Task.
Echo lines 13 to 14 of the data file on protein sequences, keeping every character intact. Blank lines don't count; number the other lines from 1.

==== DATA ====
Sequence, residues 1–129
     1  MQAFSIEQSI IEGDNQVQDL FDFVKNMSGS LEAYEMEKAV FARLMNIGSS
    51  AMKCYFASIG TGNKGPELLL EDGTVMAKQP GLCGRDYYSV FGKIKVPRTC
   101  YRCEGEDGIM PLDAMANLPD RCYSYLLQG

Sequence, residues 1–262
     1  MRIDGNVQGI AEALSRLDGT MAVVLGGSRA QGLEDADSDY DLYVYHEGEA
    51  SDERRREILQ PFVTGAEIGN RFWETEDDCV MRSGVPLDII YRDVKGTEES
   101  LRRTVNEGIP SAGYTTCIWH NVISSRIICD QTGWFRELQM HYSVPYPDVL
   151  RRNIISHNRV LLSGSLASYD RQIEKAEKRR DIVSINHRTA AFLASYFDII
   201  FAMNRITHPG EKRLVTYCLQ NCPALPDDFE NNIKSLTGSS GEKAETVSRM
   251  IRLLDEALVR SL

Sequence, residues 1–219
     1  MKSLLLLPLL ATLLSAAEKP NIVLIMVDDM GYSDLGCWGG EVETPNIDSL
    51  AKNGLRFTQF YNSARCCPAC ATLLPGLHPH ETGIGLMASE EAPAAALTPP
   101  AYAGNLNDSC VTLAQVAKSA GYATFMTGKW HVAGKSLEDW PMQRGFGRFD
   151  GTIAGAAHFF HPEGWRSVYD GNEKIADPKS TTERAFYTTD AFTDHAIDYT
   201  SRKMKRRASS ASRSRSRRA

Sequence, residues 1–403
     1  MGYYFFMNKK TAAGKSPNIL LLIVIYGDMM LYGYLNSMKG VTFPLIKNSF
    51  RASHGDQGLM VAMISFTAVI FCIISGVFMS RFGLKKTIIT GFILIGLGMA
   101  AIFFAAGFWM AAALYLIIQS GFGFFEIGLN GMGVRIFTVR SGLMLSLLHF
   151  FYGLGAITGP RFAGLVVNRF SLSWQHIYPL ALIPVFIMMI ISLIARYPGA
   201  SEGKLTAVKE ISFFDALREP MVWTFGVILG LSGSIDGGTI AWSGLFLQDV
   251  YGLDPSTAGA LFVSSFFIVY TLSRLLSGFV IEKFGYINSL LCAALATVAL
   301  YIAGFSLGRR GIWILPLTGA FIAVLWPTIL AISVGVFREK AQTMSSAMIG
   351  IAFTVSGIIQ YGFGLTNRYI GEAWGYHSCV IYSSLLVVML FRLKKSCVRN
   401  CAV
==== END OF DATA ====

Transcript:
     1  MKSLLLLPLL ATLLSAAEKP NIVLIMVDDM GYSDLGCWGG EVETPNIDSL
    51  AKNGLRFTQF YNSARCCPAC ATLLPGLHPH ETGIGLMASE EAPAAALTPP